Tips For Supporting Siblings of Autistic Children
BY DYAN ROBSON, AND NEXT COMES L
Photo © lifewithjess/Twenty20
Aug 1, 2019
I’m tired of some of the narratives I read online about autism families.
For instance, if you Google supporting siblings of autistic children, you’ll read countless articles that paint the autistic child as some kind of burden to all the members of their family including their siblings. And frankly, that’s kind of messed up.
Then other times you’ll read articles that make the sibling out to be some kind of superhero, like how their autistic sibling made them more compassionate, patient and so on.
Sure there could be some truth to that, but maybe their personality is at play here too. You can see how difficult it is to discern what the causing factor might be. Not that it really matters anyway because the bottom line is your kid is compassionate and caring, so what more could you ask for?
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Then you’ll also come across tips about how to best support these siblings and, honestly, the tips will feel generic.
I mean these tips could apply to families that have multiple children, even when disabilities aren’t present. Spend time with your child one-on-one, listen to their concerns, encourage closer relationships — all things you should probably be doing anyway.
But let’s be realistic here: sometimes your other children will notice that they don’t have extra meetings with teachers at school like their sibling does.
And sometimes they will complain about having to be dragged to another appointment for their sibling.
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Or your other children will struggle to understand why they can’t go to the park right now until we help their sibling manage their anxiety about going outside.
And yes, they’ll complain about something not being fair, like most kids do, autistic sibling or not.
So how can we truly support these siblings?
Talk openly about autism
Well, one of the most important things you can do is talk openly about autism in your house. Don’t paint it as some negative burden, threatening to ruin your family or marriage. Your kids will pick up on that and will only see autism as a burden if you treat it that way yourself. You wouldn’t talk negatively about your children in front of them, would you? The same rule of thumb applies when you are talking about autism.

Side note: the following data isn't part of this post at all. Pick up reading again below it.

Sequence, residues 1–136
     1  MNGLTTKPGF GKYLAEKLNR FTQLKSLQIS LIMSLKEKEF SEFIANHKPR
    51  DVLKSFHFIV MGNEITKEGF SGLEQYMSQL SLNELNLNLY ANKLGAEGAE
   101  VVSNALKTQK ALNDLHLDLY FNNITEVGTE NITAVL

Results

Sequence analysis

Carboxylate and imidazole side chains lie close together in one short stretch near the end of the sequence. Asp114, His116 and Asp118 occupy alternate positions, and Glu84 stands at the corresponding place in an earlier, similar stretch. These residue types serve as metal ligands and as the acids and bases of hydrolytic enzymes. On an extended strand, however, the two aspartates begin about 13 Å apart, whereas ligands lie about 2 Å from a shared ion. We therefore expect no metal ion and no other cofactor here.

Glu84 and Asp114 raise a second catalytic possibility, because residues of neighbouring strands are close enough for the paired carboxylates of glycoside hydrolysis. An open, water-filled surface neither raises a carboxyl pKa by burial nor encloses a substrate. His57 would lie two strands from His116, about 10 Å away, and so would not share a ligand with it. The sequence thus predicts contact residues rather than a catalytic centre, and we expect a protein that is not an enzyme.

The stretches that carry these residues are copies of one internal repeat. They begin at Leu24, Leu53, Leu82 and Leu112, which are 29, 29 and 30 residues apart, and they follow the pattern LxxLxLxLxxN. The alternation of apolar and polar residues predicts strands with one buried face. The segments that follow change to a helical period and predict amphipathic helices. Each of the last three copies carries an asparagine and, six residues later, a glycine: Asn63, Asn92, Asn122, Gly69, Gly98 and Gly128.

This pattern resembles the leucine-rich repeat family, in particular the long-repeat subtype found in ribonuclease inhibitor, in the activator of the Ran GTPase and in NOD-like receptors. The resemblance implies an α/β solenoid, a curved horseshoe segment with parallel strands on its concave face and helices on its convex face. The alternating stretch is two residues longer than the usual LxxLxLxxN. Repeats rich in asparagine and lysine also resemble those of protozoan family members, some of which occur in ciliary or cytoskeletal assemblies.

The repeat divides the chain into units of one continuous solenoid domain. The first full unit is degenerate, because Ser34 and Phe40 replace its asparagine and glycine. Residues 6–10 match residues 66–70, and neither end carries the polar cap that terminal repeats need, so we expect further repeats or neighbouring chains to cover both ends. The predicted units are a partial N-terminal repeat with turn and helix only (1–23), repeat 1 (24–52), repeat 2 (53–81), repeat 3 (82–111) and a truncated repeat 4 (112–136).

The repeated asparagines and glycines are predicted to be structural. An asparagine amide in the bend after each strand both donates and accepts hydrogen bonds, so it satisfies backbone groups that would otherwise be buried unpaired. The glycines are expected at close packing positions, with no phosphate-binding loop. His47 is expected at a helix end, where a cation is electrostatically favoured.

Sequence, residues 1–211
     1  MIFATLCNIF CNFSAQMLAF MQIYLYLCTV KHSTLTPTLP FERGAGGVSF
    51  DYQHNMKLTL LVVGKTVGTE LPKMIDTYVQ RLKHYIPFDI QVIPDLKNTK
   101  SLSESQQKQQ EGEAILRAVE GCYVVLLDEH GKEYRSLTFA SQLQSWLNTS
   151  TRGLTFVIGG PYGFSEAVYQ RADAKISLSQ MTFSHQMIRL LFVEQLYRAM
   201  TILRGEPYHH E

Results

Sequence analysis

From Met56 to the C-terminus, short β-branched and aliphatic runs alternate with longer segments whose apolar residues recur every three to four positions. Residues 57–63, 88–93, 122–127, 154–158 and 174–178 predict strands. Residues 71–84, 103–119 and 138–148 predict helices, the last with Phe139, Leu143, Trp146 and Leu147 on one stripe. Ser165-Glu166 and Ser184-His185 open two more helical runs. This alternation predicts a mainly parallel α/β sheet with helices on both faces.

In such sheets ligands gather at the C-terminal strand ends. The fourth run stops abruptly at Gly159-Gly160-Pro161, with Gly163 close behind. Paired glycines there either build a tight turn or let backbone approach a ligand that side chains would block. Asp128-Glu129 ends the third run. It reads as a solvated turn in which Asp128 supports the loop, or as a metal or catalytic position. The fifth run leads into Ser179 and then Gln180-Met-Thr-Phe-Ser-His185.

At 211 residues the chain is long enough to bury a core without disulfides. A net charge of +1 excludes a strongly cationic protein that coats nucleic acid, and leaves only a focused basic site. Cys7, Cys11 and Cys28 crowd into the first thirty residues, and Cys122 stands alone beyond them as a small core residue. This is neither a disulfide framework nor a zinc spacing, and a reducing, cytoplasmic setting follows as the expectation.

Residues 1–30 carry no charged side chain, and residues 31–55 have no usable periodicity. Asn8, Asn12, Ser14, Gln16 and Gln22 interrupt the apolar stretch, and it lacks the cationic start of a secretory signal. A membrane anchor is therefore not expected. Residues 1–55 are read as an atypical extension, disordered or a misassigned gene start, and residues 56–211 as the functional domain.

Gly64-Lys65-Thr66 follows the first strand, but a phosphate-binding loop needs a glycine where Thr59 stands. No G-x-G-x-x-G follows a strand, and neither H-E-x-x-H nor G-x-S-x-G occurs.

Celebrate everyone's differences and achievements
The best way to go about being positive and open about autism in your house is to embrace the differences — both strengths and weaknesses — of all members in the family. Celebrate what makes each member unique, and work together as a team to support every member in the household much like you would work together to keep the house clean or do chores.
Be proud of accomplishments and milestones that each family member achieves, and don’t leave someone out if their achievements might be tiny or insignificant in the eyes of others. Each member in your family is worth celebrating.
Avoid placing blame on autism diagnosis
Another way to support your non-autistic child is to avoid placing blame. Never ever use the diagnosis of the autistic child as an excuse for why their sibling can’t do a certain thing or attend a specific event. That’s probably the quickest way to sabotage your children’s relationships between each other anyway.
Have realistic expectations
Also, be realistic about the expectations you place on your children. Are you placing unrealistic demands and responsibilities on them simply because their brother or sister is autistic? Or would you ask them to do these things regardless?
Another tip is to include everyone. Remember that team mentality I mentioned above? Well, it’s important to make sure everyone feels like they’re included. Everyone in your family should feel as if their opinion matters and that their voice is heard.
And when you’re trying to support or teach your autistic child a new skill? Work on it together as a family. For example, say you are teaching your child deep breathing strategies to help them manage their anxiety. Why not get everyone in your family involved and practice those breathing techniques together?
You’ll all benefit from learning the coping strategy anyway, right?
Finally, don’t overthink it. Just treat all of your children with respect. It’s the best way for them to learn to be respectful to each other. Remember, children will model what they see so give them something positive to model.
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